Don't Miss the Holy Grail of Tolkien Texts! The final work of Tolkien’s Middle-earth fiction, The Fall of Gondolin, is also included in a beautiful boxed set that collects all three of the last novels of Middle-earth.

Get your jingle boots rocked this holiday season with page-turning books that celebrate the “home” in down-home. Retail Price $7.99 each Club Price $7.19 each


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FICTION favorites

Blood Communion

The Reckoning

Lestat, rebel outlaw and vampire prince, tells the enthralling story of how he became ruler of the vampire world in the latest installment of The Vampire Chronicles.

America’s favorite storyteller returns to Clanton, Mississippi, in this powerful new legal thriller. John Grisham has written 39 consecutive #1 bestsellers, but he has never written a novel like The Reckoning.

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This Scorched Earth

Nine Perfect Strangers

Uncompromising Honor

This moving story depicts a family’s journey from neardevastation in the Civil War to their rebirth in the American West.

From bestselling author Liane Moriarty, author of Big Little Lies, comes her latest novel, in which nine perfect strangers wonder if 10 days at a health resort can really change them forever.

Her voice has always been one of reason, but she shall compromise no longer. The galaxy is about to witness something it has never imagined.

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The Next Person You Meet in Heaven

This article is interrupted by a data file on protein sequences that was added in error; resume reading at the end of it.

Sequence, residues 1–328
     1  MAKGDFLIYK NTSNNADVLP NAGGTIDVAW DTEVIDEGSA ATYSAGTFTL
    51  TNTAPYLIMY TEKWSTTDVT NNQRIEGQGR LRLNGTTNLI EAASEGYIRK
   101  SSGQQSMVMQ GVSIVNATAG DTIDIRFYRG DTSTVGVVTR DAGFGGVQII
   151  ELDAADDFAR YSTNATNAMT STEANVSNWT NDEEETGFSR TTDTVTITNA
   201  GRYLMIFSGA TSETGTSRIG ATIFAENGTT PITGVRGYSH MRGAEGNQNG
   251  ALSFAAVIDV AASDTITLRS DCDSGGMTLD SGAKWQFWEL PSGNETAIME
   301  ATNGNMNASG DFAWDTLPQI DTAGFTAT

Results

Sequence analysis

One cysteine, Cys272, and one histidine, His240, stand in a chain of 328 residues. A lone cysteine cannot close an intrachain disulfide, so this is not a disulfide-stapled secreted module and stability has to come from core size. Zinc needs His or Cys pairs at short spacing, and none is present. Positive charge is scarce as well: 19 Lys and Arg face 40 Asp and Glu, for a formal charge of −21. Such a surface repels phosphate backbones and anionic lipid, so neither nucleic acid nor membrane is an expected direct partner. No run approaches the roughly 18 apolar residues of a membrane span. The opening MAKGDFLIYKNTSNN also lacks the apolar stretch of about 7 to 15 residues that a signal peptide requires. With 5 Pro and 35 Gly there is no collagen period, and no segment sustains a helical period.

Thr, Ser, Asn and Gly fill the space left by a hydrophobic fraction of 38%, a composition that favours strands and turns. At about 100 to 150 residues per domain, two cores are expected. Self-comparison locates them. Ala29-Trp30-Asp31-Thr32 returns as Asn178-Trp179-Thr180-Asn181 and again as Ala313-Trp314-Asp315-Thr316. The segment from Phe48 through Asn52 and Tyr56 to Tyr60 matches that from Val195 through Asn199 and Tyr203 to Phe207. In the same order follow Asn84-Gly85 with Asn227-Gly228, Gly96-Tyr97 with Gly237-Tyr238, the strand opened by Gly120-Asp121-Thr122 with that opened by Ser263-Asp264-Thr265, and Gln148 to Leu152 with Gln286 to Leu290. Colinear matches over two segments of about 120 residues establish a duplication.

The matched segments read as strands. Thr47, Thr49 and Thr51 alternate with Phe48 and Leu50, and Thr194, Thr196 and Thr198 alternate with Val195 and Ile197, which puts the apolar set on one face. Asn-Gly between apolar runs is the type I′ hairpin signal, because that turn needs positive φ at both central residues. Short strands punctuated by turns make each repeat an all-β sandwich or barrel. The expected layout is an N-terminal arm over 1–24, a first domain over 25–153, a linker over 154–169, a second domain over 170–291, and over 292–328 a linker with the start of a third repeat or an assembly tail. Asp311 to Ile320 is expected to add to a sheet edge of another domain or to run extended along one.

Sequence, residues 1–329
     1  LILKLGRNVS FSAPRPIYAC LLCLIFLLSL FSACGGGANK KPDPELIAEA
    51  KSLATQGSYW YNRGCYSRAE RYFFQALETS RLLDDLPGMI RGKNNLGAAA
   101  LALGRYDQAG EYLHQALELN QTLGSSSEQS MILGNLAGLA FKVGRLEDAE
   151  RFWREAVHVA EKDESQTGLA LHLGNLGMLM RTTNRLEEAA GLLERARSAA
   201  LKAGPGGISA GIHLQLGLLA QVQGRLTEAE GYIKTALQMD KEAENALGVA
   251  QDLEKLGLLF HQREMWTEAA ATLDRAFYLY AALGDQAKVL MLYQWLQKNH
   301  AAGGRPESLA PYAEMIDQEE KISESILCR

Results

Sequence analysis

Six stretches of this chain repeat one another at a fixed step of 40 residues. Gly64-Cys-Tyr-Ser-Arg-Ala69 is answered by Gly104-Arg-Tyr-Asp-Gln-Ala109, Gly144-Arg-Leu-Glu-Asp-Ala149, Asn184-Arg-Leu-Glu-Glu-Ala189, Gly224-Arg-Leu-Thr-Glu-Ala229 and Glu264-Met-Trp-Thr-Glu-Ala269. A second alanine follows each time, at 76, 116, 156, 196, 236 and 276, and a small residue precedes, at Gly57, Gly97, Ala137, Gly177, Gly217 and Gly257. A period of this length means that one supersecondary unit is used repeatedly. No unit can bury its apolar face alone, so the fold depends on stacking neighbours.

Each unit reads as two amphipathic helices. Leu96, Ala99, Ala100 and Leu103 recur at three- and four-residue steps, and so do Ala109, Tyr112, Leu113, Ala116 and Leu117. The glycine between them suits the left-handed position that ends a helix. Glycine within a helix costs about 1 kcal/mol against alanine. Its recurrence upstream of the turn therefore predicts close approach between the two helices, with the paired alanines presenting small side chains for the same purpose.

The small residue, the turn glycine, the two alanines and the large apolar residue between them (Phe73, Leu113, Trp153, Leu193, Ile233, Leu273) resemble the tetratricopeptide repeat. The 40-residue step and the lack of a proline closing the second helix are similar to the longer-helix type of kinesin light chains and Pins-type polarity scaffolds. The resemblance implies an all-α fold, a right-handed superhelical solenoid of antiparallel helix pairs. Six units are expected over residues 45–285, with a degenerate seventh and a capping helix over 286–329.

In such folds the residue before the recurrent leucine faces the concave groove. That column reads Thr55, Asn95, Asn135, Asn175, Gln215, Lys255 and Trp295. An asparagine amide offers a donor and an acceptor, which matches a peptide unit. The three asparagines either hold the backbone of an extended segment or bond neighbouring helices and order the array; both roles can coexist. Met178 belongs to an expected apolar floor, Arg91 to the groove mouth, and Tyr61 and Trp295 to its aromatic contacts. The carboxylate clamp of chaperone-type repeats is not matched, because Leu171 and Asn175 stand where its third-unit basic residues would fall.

A Q&A with Mitch Albom, Author of The Next Person You Meet in Heaven

In this enchanting sequel to the bestseller The Five People You Meet in Heaven, Mitch Albom tells the story of Annie and her unforgettable journey.

Go-to holiday drink? Don’t drink, so it’s gotta be eggnog, sorry!

Retail Price $23.99 Club Price $21.59

What is your favorite or most unique holiday tradition? Sleeping in on Christmas morning, and only giving presents after coffee!

What is the ideal Christmas morning breakfast? Cocoa Puffs, milk and ice cubes! The whole box.

What is your favorite holiday movie? It’s a Wonderful Life.

Pachinko Through desperate struggles and hardwon triumphs, one Korean family endures questions of faith, family and identity. Retail Price $15.99 Club Price $14.39



something for

EVERYONE Give Yourself the Gift of Audio Whether you’re home for the holidays or heading out on the road, great storytelling on audio helps to make the season bright. Retail Price $35-$60

Club Price $31.50-$54

1,000 Books to Read Before You Die From fiction to poetry, science to science fiction, memoir to travel writing, biography to children’s books and more, James Mustich makes a passionate case for your next read.

Writers From Shakespeare and Jane Austen to Gabriel García Márquez and Toni Morrison, this lavishly illustrated book features more than 100 biographies of the world’s greatest writers. Retail Price $35 Club Price $31.50

Retail Price $35 Club Price $31.50

The Great American Read: The Book of Books This gorgeously illustrated keepsake is the companion to PBS’s series “The Great American Read.” Packed with images, revelations and sidebars, this book is perfect for a lifetime lover of reading. Retail Price $29.99 Club Price $26.99

The Gifts They'll Open Over and Over! These three new titles in the bestselling series will inspire, entertain and enlighten, making them the perfect gifts for the holiday season! Retail Price $14.95 each Club Price $13.45 each


fun for


Are You Scared, Darth Vader? Come face-to-face with Darth Vader, the most fearsome villain from a galaxy far, far away. But Darth Vader may not be as fearless as you think. Retail Price $17.99 Club Price $16.19

Who Will I Be? This inspiring debut picture book from “The View” co-host— and new mom—Abby Huntsman explores the value of service and the extraordinary power of giving back. Retail Price $18.99 Club Price $17.09

Elephant & Piggie The Complete Collection The award-winning Elephant & Piggie series is gathered in this complete 25-book collection—plus special metallic Elephant & Piggie bookends!

Santa Bruce New York Times bestselling author-illustrator Ryan T. Higgins is back with another Bruce tale that’s perfect for the holiday season.

Retail Price $150 Club Price $135